Figure of the week: 6 billion
To discredit the ongoing protests in Belarus, both pro-Kremlin and Belarusian state-controlled media rely on an increasingly converging set of disinformation messages. Many of those messages portray Belarusian protesters as pawns, trained and paid for by the West.
Belarusian state-owned news agency Belta reinforced this narrative recently by claiming that 6 billion USD were transferred to finance protests in Belarus. This staggering sum, equivalent to nearly 10% of Belarus’ entire GPD, was supposedly transferred via cryptocurrencies.
This disinformation story originally appeared in the evening news on state-owned All National Television channel. The news programme showed an interview with German “expert” Alexander Sosnovsky, who spoke at length about the alleged “fist of George Soros” and the financing of the protests:
“The European Union allocated considerable means. Now, I recently spoke to a colleague of mine who served for many years as a deputy minister in the German government. According to his testimony, there is information that through various ways, using cryptocurrencies, a total of 6 billion dollars were transferred to [finance] protest events in Belarus”.
Mr Sosnovsky went on to admit that he could not verify the information, but that “it exists”. However, many ordinary Belarusians beg to disagree.
Poster: “Sasha, I hate you for free.”#Belarus #Belarusprotests #Lukashenko #Tichanowskaja #belarusinaction pic.twitter.com/5Wzf25dNNm
— Belarus in action (@positivehater1) August 23, 2020
That both state news agency and television should publish unverified claims of this magnitude reveals not so much the absence of any discernible journalistic standards as the deep integration of pro-Kremlin disinformation methods and narratives about “Western interference” into Belarusian state-controlled media. This hardly comes as a surprise, given that Belarusian state TV has depended on Russian-produced content for years. In the aftermath of the presidential election, numerous employees of Belarusian state-run radio and television company went on strike and were dismissed. “Specialists from Russia” were invited to take their place. As a result, Belarusian state-run TV channels are now well positioned to spin pro-Kremlin narratives and sow doubt that the rallies are a genuine grassroots protest movement.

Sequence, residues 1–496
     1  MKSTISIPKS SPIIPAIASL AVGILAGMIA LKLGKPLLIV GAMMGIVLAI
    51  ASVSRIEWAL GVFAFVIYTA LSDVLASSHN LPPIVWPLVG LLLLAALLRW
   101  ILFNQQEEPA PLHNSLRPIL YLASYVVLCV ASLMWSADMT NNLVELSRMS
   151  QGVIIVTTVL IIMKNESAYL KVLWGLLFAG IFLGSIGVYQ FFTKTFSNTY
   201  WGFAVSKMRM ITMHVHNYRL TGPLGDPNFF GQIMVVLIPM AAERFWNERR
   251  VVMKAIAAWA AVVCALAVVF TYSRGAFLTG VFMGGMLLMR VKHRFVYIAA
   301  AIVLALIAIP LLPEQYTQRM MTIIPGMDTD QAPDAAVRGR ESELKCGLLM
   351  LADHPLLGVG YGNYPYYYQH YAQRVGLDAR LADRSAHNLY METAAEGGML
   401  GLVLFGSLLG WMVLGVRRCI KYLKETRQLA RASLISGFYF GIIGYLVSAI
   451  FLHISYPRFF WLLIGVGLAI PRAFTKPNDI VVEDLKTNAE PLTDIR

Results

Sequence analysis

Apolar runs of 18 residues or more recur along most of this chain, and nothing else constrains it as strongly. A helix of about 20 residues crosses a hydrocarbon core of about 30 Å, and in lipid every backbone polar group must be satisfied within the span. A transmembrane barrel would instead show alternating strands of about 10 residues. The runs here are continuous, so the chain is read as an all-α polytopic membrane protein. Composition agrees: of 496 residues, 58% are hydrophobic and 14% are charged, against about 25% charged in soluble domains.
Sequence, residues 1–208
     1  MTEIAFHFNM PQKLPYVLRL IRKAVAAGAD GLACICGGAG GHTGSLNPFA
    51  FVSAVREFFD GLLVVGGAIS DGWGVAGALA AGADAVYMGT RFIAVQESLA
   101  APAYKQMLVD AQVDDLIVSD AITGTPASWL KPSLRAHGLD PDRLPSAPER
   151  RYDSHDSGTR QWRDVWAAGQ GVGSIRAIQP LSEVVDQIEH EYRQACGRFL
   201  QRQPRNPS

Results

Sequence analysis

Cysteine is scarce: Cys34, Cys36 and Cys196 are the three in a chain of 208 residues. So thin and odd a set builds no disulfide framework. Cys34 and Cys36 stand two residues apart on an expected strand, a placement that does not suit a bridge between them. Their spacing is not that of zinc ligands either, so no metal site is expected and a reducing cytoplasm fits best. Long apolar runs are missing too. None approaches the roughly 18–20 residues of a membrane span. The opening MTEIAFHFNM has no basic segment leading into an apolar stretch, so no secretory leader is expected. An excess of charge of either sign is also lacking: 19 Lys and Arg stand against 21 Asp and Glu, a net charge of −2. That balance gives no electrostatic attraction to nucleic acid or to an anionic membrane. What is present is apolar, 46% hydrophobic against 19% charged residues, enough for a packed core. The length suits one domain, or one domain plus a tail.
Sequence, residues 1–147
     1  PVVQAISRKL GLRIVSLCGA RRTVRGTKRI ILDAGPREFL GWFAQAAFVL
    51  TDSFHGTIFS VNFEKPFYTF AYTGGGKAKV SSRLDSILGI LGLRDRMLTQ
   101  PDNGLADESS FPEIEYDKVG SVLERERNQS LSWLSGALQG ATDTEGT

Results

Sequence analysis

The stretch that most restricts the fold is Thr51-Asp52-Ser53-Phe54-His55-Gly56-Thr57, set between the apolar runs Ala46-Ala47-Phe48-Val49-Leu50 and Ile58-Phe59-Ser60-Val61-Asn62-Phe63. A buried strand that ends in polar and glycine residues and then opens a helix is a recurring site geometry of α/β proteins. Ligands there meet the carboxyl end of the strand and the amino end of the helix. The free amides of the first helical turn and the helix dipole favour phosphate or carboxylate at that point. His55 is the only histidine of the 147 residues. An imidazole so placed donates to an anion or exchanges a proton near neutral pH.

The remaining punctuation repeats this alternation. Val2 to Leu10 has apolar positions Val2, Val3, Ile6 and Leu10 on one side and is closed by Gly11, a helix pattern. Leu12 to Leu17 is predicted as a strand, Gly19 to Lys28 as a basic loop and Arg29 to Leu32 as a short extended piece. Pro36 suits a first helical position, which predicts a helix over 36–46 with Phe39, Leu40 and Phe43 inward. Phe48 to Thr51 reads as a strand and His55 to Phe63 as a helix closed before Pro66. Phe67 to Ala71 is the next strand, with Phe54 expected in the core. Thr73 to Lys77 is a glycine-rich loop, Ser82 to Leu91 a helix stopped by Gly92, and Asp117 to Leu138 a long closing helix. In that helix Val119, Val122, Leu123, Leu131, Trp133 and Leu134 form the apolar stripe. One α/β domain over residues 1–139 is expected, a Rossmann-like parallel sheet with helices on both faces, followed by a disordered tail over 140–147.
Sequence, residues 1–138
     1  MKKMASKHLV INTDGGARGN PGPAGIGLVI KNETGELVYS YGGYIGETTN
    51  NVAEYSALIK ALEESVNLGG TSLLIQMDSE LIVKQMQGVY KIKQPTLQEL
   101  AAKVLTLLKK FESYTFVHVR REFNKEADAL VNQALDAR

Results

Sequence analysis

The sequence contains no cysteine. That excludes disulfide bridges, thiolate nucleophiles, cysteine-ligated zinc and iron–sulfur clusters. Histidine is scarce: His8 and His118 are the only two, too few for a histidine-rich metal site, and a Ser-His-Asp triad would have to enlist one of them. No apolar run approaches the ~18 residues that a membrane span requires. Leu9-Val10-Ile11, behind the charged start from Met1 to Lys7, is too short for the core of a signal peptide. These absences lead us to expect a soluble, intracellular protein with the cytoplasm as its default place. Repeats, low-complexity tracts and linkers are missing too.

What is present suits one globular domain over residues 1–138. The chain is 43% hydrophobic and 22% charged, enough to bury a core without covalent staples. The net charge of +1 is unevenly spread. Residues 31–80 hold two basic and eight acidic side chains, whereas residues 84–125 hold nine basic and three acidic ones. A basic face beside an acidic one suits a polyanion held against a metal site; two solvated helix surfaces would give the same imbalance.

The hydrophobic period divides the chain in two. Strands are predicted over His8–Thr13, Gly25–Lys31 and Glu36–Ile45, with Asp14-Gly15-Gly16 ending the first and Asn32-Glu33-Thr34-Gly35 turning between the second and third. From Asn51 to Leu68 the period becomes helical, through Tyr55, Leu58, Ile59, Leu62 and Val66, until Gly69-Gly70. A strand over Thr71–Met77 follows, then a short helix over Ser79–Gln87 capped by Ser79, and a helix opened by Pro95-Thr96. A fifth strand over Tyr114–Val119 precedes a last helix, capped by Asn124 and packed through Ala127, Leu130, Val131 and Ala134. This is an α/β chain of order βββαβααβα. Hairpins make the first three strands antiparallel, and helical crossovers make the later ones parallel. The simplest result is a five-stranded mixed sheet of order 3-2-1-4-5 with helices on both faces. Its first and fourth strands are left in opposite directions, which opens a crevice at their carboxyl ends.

Both Mr Sosonosvky and Belarusian state media are deliberately vague about who allegedly made the money transfer – the EU or George Soros. They try to legitimise the narrative by invoking an anonymous source “in the German government” and even admit that the information was not verified. But for disinformation purposes this does not matter. The unverified information that “exists” was not only aired prime-time to Belarusian audiences, it was also spread across social media by groups as colourful as “Russian people in Canada”, “Friedensdemo-watch” (in German language), and of course Belta news agency social media accounts.
Pro-Kremlin experts to the rescue
Since the protests started, Belarusian and Russian state controlled media have increasingly converged in their disinformation narratives: protests are the result of a foreign-sponsored colour revolution, the Maidan scenario is now applied in Minsk, and finally – George Soros is behind all of it.
To back these narratives, Belarusian state media rely on a growing number of “international experts” who express distinctly pro-Kremlin views. Mr. Sosnovsky, presented on Belarusian TV as a “known German political scientist,” is also a known contributor to Sputnik and other pro-Kremlin media outlets, and has suggested in the past that the US was involved in the downing of flight MH17 and the disappearance of flight MH370.
Alongside Mr. Sosnovsky, Belarusian state media resort to a carousel of other “international experts”, including a former Ukrainian politician who praised President Alyaksandr Lukashenka for not giving into COVID-19 “hysteria”; a Bulgarian academic who told protesting Belarusians not to be naïve in their wish for “something new”; and a Serbian folk band that tried to plead with young Belarusians:
“We, too, are young people and we can understand that someone is “tired” of having one president for 26 years. We, inexperienced young people, are very often bored by our parents, especially if they constantly teach us, as a rule, something good and useful! Unfortunately, we usually realize what kind of protection we had only when we lose it.”
But above all, Belarusian airwaves are open to various pro-Kremlin commentators who regularly appear on Russian state-controlled TV. Among them: Nikolai Starikov, a frequent contributor to RIA FAN – a news agency closely affiliated with St. Petersburg’s Troll Factory, who claimed that the protests were organised via the Telegram channels from Poland as people by themselves “cannot go anywhere”; Konstantin Malofeev, sanctioned by the EU for supporting attempts to destabilise Eastern Ukraine; and many other so-called experts who speak at length about “colour revolution scenarios” in Belarus.
By inviting such personalities on their airwaves, Belarusian state-controlled TV aligns itself with well-entrenched pro-Kremlin disinformation narratives targeting popular protests. Meanwhile, useful “international experts” help to normalise and legitimise these narratives as professional opinions.
Despite bogus experts and made-up billions, the people of Belarus continue marching peacefully to demand the respect of their civic and democratic rights.
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